This week’s Time Capsule looks at factory sales, fires, Cobb’s only World War I war bride and World War II events.

100 years ago …The Thursday, Feb. 26, 1920, edition of The Cobb County Times reported that the Roswell Manufacturing Company of Roswell, 11 1/2 miles from Marietta, sold 90% of its stock to the Easly Cotton Mills of Greenville, South Carolina, for over $800,000. The new owners were expected to enlarge and modernize the factory.

The old National Marble & Granite Co. and the property of the old J.J. Black Lumber Company, with extensive frontage on the Western & Atlantic Railroad and Dixie Avenue at Butler’s Station, were reported as having been bought by Loring Raoult for “one of the largest and most up-to-date marble and granite factories in the country.” The plant was to be modeled after “the latest plants at Barre, Vermont,” and “be second to none in the country.”

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Two cottages and a small storage building on Montgomery Street in Marietta were reported as being destroyed by fire the Wednesday before. The fire originated in a black restaurant run by Jack Holmes. The flames then spread to the cottage of Mary Nichols and Sam Jackson before an alarm was sounded.

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The three-year-old son of Bethel Mitchell of Cherokee County was reported as being seriously injured when a flower box fell off the porch and struck him at his grandfather’s house in Cartersville the Sunday before. At the time of publication, it was believed the boy’s injuries would eventually be fatal.

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On Page 6, the Times also reported on “Cobb County’s Only War Bride.” Jesse Barswell was a young, well-known farmer near Powder Springs, who served with the American Expeditionary forces in Paris during World War I. While overseas, he met his 17-year-old bride, Mile Suzanne Palk of Nuelly, France, who had been serving her country as a munition worker from the start of the war with Germany. After a few months of courtship, they were married on Aug. 30, 1919.

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“John Pomeroy, the noted New Zealand scientist and explorer,” was reported as having visited Atlanta and drew a large crowd the week before to Jacob’s Pharmacy, where participants learned more about “his famous medicine Puratone.”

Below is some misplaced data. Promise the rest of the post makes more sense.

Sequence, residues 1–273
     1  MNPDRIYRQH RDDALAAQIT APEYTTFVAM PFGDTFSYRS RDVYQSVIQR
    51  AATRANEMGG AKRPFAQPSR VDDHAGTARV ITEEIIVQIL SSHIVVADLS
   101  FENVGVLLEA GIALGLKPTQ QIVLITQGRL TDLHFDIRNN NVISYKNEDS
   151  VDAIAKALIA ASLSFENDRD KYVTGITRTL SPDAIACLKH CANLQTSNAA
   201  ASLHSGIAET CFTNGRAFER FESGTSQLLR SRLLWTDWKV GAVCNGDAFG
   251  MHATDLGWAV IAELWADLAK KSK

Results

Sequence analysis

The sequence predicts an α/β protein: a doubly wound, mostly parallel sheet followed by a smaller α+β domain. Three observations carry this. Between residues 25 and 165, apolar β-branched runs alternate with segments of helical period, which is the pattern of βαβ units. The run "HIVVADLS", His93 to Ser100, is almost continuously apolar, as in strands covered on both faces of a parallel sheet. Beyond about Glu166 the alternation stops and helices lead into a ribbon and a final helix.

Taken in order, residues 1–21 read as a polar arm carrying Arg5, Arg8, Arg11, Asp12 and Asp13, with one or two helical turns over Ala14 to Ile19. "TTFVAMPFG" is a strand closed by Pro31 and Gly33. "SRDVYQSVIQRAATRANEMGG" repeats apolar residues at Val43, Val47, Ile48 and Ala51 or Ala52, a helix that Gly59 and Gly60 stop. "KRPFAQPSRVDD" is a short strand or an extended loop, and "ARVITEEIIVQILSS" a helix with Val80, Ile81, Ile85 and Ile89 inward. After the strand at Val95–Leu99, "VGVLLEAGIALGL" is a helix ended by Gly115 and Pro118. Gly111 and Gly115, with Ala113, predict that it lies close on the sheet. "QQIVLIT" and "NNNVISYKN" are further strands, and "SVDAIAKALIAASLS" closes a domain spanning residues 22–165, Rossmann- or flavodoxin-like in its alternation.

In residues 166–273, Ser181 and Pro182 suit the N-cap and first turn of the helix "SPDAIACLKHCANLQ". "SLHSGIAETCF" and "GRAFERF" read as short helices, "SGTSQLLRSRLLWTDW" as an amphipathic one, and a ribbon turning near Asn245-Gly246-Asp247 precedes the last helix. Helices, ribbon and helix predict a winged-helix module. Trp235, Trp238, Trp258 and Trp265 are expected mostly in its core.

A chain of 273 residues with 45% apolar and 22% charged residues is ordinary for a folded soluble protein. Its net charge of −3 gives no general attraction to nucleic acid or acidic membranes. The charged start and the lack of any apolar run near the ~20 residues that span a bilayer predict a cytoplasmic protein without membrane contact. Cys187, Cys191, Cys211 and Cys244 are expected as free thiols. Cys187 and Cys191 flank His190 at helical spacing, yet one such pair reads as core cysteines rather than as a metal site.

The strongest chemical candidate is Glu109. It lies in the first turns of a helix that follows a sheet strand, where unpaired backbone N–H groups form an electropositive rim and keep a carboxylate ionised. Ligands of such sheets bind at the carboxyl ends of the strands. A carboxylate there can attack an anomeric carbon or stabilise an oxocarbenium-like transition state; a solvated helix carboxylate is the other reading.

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On Page 13, there was a full-page ad by the Rotary Club of Marietta announcing Rotary’s birthday and how in 1905 it was just one club with four members and now in 1920 it had 600 clubs with 50,000 members.

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The Friday, Feb. 27, 1920, edition of The Marietta Journal reported in the Mableton section of the “News From Our Correspondents” column that V.R. Holbrook and his wife went to Atlanta for about four hours one day the week before and returned to find their house full of smoke and a bed on fire. The only damage was the loss of three or four quilts, a pair of blankets and a burned part of the mattress.

75 years ago ...In the Friday, Feb. 23, 1945, Marietta Daily Journal it was reported that Technical Sgt. James Hershell Black of Smyrna, serving with the 79th Division, had been missing in action since Jan. 20, 1945, in France.

Also that day, County Agent J.H. Henderson stressed the need for residents to plant victory gardens in 1945 in order to combat impending food shortages.

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A Boy Scout paper pick-up drive, headed by Henry Kemp, was reported in the Tuesday, Feb. 27, 1945, paper as having salvaged 1,600 pounds of paper the Saturday before.

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Lt. J.H. McCollum was reported in the Wednesday, Feb. 28, 1945, paper as having been killed in a plane crash in India. McCollum’s mother held out hope that he would return to base. McCollum, “a first-rate pilot,” had crashed once before in India and it took a week for him to return to his base with the help of “friendly natives.”

Also that day, Marietta’s crime detection department was reported as installing a modern photographic laboratory. Leo Blackwell, who made fingerprinting and photography his specialty at the FBI school, would operate the lab.

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Damon Poirier is the Newsroom Administrator and Historian for the Marietta Daily Journal.

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